Health Passports Have Been Used Before: Nazi Germany Issued them to keep the People 'Safe'


In 1933 Adolf Hitler instructed the Nazi party's public health officials to introduce a Gesundheitspass, roughly translated meaning 'Health Pass' which contained a record of vaccinations and transmittable diseases that the Third Reich thought it should know about.


In addition to the Nazi's 'Health Passport' German citizens were issued with documents that granted them access to public spaces, buildings, theatres, schools and workplaces called 'Der Ahnenpass' aka 'genealogical passport'. This all-important document proved the holder was of Aryan blood, something which Nazi party officials would investigate before issuing the passport to those it deemed 'pure'. All this was done not to give German's freedom, but to subjugate the Jews.

Campaigns and activities to promote physical fitness in Nazi Germany were designed exclusively for members of the so-called Volksgemeinschaft. Jews, Roma and Sinti, and other so-called "non-pure" were gradually excluded from public spaces that hosted these events. Exercise was even used to persecute those targeted by the Nazi regime. German soldiers and concentration camp guards often used forced exercise as a form of public humiliation, physical abuse, or punishment.


The outbreak of World War II led to greater Nazi persecution of targeted groups under the pretence of 'public health' measures. The war created conditions that led directly to epidemics of contagious diseases such as typhus, but Nazi propagandists and public health officials blamed Jews, Roma and Sinti, Slavic peoples, and other groups for causing such outbreaks. For example, an antisemitic Nazi propaganda poster made in 1941 for public display in German-occupied Poland asserts that “Jews Are Lice: They Cause Typhus.” German public health officials irrationally blamed Polish Jews for an outbreak of typhus in occupied Warsaw and urged authorities to construct a sealed ghetto, which cut off food supplies and caused massive starvation.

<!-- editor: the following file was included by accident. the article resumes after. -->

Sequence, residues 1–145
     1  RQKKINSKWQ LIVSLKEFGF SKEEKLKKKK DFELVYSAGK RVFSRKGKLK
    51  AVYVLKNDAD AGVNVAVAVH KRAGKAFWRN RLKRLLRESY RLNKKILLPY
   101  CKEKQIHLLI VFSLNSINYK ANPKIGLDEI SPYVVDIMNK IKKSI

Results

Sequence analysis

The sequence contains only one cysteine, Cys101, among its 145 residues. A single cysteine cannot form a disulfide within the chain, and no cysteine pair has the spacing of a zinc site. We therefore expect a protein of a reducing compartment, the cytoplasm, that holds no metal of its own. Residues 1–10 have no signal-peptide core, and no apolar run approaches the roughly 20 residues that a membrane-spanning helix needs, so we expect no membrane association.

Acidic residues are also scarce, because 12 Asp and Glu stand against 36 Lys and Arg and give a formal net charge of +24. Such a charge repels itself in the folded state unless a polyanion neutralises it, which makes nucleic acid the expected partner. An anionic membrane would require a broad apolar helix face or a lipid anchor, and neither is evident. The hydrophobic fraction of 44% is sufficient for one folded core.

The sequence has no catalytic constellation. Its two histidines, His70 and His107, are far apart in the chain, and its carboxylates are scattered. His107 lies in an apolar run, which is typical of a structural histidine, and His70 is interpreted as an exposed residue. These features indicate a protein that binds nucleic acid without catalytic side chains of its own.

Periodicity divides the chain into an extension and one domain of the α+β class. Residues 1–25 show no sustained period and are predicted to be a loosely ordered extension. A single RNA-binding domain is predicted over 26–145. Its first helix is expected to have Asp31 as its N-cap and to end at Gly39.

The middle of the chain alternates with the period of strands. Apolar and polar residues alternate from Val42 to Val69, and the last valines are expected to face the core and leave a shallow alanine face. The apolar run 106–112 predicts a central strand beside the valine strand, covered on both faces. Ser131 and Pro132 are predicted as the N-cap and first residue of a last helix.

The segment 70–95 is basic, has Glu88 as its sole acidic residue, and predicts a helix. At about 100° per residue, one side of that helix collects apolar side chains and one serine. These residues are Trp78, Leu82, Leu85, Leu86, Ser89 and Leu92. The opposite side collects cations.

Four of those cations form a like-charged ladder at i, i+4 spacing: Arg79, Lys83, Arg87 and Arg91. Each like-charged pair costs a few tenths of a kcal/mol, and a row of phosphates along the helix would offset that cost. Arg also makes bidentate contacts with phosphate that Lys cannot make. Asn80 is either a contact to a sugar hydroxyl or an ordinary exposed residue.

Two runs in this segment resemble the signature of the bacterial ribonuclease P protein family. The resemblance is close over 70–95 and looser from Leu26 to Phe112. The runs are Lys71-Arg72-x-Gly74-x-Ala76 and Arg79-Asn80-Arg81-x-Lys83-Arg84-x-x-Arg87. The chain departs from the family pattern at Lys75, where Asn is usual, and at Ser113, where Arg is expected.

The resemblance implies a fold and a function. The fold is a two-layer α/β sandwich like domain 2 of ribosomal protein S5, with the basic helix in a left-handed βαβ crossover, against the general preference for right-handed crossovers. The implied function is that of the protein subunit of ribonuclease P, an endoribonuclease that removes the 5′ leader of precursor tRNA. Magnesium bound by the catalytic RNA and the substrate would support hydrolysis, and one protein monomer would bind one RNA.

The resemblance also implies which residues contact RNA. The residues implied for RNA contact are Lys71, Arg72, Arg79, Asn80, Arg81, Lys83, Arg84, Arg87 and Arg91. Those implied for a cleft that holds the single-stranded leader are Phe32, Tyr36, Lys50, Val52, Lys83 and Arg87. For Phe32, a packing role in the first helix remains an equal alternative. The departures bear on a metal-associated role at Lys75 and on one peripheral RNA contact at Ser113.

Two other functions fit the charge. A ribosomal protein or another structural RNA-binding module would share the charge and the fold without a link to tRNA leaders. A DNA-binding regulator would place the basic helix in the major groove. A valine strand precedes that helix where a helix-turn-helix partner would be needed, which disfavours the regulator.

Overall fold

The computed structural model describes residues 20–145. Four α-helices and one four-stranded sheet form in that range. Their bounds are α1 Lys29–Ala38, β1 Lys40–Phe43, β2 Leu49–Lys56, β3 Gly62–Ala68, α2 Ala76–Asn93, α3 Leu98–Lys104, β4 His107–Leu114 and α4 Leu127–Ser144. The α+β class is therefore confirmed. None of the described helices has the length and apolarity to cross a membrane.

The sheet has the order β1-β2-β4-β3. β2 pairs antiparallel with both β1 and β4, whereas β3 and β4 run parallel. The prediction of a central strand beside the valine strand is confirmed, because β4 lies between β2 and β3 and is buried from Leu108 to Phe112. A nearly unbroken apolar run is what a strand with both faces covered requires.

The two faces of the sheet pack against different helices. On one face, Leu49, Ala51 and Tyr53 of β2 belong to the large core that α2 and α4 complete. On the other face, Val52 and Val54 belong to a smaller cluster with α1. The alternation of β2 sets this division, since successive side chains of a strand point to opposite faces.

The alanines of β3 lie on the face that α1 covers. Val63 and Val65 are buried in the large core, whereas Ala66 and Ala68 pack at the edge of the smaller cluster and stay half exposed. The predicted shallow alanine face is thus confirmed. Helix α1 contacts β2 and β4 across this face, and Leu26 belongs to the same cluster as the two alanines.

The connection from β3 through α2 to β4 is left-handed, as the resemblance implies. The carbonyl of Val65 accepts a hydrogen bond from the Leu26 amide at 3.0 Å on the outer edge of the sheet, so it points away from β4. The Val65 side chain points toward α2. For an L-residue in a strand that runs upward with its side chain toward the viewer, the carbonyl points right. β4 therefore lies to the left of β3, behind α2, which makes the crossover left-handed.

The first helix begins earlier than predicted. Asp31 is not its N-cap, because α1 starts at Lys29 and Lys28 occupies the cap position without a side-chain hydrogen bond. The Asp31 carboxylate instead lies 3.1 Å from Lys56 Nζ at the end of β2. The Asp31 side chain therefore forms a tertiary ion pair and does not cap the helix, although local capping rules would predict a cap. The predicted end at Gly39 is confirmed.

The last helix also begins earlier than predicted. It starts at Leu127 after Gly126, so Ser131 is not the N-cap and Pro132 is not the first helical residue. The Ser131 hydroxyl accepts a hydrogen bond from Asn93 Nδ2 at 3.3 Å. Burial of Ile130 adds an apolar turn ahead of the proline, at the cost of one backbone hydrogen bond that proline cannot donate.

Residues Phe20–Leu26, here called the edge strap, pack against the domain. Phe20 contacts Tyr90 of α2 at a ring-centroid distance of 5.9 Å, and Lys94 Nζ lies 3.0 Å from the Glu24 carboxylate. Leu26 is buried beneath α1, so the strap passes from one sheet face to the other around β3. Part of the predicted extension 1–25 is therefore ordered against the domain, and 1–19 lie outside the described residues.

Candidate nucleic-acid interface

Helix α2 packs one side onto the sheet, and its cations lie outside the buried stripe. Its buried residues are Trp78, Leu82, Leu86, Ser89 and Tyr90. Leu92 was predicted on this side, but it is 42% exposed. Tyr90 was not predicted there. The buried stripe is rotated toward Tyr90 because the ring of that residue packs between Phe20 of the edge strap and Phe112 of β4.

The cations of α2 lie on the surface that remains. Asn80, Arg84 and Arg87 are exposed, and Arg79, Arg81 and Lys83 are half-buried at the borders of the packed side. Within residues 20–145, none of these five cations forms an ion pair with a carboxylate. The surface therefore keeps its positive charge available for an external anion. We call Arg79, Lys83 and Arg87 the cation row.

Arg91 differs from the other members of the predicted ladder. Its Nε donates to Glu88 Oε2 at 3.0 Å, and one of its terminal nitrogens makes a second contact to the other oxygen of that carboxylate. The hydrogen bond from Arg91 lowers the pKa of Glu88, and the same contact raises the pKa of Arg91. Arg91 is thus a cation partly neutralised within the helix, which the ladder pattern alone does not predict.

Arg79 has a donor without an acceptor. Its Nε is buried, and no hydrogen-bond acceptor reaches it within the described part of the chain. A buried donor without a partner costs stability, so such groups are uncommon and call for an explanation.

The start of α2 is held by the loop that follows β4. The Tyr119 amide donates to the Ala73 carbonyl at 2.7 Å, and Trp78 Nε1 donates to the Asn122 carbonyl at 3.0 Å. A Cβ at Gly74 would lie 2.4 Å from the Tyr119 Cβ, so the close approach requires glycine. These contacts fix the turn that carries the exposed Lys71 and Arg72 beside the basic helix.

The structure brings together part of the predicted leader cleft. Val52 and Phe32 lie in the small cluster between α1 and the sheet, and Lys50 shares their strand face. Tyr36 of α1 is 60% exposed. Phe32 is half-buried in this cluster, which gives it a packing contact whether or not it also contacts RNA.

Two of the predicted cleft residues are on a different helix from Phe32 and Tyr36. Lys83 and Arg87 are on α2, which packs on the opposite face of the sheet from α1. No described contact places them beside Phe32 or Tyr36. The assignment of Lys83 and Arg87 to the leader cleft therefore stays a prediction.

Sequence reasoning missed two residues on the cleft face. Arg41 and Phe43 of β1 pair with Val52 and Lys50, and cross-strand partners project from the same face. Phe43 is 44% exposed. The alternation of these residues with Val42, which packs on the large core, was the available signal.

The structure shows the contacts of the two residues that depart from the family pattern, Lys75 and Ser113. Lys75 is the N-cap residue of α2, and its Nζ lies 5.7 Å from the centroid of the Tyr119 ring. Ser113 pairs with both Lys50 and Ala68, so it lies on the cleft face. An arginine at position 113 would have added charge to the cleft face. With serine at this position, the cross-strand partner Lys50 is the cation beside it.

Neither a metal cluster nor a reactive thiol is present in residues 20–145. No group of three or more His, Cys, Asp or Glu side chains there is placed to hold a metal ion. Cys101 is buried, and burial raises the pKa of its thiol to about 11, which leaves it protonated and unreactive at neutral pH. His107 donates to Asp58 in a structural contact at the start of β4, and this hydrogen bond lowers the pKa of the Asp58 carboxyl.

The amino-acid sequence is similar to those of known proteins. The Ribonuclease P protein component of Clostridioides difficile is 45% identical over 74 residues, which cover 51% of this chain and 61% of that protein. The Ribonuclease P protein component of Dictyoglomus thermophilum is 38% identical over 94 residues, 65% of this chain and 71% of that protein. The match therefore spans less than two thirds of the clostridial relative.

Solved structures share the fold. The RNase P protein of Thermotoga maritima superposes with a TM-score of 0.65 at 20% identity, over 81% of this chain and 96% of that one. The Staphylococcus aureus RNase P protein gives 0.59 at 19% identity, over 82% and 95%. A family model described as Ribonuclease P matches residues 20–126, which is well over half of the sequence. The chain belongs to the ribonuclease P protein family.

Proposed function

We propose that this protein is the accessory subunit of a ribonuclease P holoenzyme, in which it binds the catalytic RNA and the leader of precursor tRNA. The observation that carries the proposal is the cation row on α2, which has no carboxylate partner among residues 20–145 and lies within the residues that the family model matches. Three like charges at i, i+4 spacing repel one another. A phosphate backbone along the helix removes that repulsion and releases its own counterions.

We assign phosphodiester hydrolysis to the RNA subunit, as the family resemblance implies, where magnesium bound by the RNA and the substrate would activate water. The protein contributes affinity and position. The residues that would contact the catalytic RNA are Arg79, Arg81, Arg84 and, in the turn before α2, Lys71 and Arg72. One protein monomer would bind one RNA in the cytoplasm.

Nazi ideology taught that the health and “purity” of the German national body must be protected at all costs. The priorities of public health under Nazi rule reflected and supported Nazi racial ideology, theories of eugenics, and the regime’s goal of territorial conquest. Nazi public health campaigns were designed to improve the collective health of the German Volksgemeinschaft at the expense of other populations.


If we fail to learn the lessons of history, we are destined to repeat them.